Phillip Koo: Yeah. Sure. Well, first of all, limitation is, you mentioned that gold standard. Indeed, it's an optimistic vision. I agree on that. But, I'm biased at being a nuclear medicine physician. So gold standard means that you have to prove, beyond any doubt the fact that what you see is really disease. And unfortunately, we cannot really state that that's been done, because it's the pathological proof of any findings as not extensively been done in the literature. So the first limitation is that PSMA is not an absolute, specific prostate cancer tracer. So you can have hotspots for other reasons. Many of them can be ruled out with some experience in reading the images and understanding the patient history, but others are more tricky.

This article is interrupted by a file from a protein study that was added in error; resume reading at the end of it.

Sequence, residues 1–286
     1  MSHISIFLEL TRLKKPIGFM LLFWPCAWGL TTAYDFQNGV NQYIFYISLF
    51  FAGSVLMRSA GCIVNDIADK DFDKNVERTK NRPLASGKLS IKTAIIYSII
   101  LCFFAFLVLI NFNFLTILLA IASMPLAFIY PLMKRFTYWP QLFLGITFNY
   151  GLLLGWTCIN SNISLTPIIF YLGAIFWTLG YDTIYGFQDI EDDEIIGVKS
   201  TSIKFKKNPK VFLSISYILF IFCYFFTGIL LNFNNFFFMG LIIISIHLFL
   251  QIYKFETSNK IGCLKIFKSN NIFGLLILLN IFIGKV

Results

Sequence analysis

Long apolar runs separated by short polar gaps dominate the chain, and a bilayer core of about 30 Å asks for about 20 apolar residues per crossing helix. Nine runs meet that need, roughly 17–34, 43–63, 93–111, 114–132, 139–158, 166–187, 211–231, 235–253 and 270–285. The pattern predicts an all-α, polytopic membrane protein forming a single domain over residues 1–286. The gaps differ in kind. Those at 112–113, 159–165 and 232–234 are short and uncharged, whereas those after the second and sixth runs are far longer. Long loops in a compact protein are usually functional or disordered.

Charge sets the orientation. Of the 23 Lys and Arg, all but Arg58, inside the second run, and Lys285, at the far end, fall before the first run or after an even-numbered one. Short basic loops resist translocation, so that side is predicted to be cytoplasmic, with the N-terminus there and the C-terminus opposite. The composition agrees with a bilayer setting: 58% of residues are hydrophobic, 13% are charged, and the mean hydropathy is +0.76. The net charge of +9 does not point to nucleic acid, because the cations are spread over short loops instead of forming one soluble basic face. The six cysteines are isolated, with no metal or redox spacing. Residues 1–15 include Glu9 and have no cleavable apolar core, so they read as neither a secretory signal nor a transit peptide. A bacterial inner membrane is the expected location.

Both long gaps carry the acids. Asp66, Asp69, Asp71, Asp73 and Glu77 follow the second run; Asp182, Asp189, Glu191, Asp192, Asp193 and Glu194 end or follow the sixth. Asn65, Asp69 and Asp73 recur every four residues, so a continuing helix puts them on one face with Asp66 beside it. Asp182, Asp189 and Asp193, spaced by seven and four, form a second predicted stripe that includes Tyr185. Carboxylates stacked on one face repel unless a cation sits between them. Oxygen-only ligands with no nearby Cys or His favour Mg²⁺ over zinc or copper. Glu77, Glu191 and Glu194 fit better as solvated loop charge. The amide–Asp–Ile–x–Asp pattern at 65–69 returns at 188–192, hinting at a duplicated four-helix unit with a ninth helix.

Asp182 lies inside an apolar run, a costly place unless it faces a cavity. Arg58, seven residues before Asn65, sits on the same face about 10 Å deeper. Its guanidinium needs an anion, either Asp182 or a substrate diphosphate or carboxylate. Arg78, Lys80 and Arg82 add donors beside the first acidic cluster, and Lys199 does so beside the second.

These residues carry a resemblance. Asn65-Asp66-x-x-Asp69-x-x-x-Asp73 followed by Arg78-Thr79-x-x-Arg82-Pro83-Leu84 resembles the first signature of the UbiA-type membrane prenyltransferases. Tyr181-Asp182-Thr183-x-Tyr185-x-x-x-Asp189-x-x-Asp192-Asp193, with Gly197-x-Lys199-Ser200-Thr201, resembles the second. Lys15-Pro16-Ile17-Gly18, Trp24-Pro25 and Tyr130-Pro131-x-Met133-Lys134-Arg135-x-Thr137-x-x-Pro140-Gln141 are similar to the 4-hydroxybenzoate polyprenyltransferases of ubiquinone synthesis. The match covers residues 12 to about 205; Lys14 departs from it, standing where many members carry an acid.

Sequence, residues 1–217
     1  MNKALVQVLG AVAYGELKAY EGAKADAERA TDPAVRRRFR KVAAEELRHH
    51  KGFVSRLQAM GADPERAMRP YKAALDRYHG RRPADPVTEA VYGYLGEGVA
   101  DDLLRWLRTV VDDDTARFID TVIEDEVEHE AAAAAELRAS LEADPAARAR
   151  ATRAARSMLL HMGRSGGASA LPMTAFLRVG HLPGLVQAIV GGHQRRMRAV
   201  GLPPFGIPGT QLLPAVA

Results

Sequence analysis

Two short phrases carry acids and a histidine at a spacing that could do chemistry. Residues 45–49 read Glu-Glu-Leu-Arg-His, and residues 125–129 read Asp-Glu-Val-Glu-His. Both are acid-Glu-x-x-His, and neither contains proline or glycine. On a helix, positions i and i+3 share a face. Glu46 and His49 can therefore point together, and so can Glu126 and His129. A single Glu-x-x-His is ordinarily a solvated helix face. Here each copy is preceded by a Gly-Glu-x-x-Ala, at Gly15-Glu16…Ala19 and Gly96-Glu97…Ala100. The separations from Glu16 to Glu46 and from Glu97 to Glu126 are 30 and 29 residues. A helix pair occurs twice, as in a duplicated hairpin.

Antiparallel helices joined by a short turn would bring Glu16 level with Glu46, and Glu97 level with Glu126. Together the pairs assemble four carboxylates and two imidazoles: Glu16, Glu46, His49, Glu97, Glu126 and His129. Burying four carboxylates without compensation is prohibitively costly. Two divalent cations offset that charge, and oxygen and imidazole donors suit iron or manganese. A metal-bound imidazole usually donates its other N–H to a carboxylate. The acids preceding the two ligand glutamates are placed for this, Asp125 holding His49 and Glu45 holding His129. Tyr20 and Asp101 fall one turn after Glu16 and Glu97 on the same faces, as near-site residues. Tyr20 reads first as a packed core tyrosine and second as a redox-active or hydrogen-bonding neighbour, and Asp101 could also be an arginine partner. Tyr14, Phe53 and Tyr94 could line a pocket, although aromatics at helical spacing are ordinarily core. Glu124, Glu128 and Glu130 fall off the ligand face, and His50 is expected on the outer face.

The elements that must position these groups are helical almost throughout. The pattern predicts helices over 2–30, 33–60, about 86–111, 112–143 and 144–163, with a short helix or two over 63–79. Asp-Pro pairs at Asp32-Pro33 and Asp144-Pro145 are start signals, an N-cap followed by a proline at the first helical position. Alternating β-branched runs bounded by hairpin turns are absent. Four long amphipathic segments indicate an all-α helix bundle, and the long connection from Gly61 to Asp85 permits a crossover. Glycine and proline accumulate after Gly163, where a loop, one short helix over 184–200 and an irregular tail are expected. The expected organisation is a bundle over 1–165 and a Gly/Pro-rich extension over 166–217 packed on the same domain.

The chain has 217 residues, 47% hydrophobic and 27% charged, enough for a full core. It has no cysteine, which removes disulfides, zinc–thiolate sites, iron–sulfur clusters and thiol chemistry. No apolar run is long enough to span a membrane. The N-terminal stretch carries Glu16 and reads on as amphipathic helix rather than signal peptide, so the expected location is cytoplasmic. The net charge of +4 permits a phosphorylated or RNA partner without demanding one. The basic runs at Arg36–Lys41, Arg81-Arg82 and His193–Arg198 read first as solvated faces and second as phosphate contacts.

It's important to mention that the number of those potential false positive findings, is very low. So it's in the range of five to 10% depending on many [inaudible 00:01:36] of the patients. But we have to remind that it's not equivalent hotspot to metastasis for the patients. And the other way around, the limitation on false negatives is mostly related with our capability to see the tumor. So we need a certain tumor burden, a certain dimension of the lesion. So, of course, we can never see micrometastases of few cells in a one millimeter lymph nodes. That's far beyond our capability.

Phillip Koo: Sure.

Stefano Fanti: But nonetheless, I'm very happy that you catch the message. It's the best available imaging method in several scenarios, including biochemical recurrence, including planets of a salvage radiation therapy, including staging of high gross patients. So it's the best approach so far.

Phillip Koo: So in your opinion, what is the resolution at which you feel that PET/CT, PSMA PET, isn't as accurate?